Yesterday, I trekked up to Nahr el Bared refugee camp to talk to people about the camp’s reconstruction efforts, or lack thereof. It’s been a couple of years since I last visited the camp — as a senior in college, I was part of an ad hoc group called the Nahr el Bared Relief Campaign that tried to provide help to those displaced by the war the Lebanese army ruthlessly waged on that camp.
That was in the summer of 2007 and little has changed since then. Though the Lebanese government was granted tens of millions of dollars in reconstruction money (admittedly this is only a small fraction of the amount needed to complete reconstruction) little progress can be seen.
A variety shops — mechanics’ offices, clothing stores, pastry shops– line the streets of what’s known as ‘the new camp’. But this happened very much in spite of state efforts. As soon as the Army re-opened the camp in October 2007 to (a select few) Nahr el Bared residents, the refugees scrambled to recover Nahr el Bared’s previously thriving economy by setting up shop on top of the mud and the rubble. But with the Army’s unrelenting grip on the camp’s borders, Nahr el Bared’s marketplace is practically empty. The vast majority of the shop’s market prior to the war came from the camp’s surrounding regions. Now virtually noone is willing to endure the inspections and demeaning and tyrannical attitudes of the soldiers at the camp’s entrances in order to consume Nahr el Bared’s relatively cheap goods and relatively skilled services (many Palestinians who have engineering and medical degrees have no choice but to offer their services inside refugee camps, since in Lebanon they are not allowed to practice their professions — Lebanese with similar credentials have converged on rich, urban areas: Beirut and Tripoli, with only a widely dispersed few in the very provincial far North where Nahr el Bared is located).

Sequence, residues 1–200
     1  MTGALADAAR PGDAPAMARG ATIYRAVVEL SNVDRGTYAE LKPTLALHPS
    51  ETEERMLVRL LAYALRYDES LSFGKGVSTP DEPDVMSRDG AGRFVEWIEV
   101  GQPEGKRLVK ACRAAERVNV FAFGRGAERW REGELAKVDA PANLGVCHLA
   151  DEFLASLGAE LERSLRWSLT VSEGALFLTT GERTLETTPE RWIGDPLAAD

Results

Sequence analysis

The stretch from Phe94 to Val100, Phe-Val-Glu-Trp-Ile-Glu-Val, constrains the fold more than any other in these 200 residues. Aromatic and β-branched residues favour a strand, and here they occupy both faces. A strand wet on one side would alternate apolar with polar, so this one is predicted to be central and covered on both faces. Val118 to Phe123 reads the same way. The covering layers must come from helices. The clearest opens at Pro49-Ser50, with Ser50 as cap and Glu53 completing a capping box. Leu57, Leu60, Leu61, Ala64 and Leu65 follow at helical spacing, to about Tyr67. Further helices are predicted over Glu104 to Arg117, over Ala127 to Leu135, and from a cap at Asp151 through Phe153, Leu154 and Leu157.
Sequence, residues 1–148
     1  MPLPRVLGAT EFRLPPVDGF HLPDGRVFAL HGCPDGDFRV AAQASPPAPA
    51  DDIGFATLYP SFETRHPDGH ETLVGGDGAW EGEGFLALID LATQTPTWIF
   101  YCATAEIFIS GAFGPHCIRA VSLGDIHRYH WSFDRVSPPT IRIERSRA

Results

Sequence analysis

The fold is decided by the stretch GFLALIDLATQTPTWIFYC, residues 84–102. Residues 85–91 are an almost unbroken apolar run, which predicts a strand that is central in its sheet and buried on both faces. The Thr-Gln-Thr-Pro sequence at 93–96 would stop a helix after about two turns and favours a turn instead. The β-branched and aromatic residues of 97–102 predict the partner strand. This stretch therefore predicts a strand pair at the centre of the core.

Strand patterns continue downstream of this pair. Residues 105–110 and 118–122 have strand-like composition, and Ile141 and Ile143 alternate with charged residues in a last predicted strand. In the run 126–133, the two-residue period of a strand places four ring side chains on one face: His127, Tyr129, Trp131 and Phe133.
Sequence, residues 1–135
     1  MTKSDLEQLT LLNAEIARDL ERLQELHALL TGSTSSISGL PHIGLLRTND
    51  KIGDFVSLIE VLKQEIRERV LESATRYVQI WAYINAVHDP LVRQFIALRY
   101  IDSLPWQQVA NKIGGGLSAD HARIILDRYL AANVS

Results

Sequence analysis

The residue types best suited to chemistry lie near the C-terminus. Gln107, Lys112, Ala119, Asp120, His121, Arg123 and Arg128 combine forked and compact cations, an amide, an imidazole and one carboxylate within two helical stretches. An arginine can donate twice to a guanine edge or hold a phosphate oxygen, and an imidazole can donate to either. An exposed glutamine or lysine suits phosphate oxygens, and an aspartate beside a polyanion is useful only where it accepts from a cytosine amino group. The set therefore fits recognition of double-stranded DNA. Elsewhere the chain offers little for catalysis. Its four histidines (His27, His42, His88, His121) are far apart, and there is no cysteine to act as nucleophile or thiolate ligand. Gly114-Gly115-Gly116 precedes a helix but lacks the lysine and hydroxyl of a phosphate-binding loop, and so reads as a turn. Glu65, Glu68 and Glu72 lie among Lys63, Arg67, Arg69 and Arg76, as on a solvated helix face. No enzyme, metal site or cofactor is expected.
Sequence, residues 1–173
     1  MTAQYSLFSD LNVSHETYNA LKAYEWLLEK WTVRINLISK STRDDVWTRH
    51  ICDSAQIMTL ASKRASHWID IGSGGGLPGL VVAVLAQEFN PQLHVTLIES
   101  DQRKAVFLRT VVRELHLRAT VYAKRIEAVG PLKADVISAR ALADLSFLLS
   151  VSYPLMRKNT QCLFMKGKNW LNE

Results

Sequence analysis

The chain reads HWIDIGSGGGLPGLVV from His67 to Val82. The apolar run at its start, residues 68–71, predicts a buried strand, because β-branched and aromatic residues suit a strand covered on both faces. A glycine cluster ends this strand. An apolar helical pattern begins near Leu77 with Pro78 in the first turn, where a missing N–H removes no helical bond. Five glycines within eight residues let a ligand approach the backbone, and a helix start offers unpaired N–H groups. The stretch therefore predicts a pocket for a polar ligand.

That’s to say nothing about the so-called Old Camp, the larger, more densely populated part of the camp that was all but razed to the ground by the war on Nahr el Bared. Those that hail from the Old Camp have been holed up in make-shift housing for three years, waiting for the Lebanese state to deliver on its promises to reconstruct their houses…
I’m writing an article now that will describe this situation more elaborately than what’s been stated above. I’ll include some interviews with the amazing Nahr el Bared refugees as well as some activists who have been working to fix things up.
In the meantime here are some pictures I’m digging up from the internet to better illustrate the destruction, the neglect.
Pictures of Nahr el Bared before and after the war: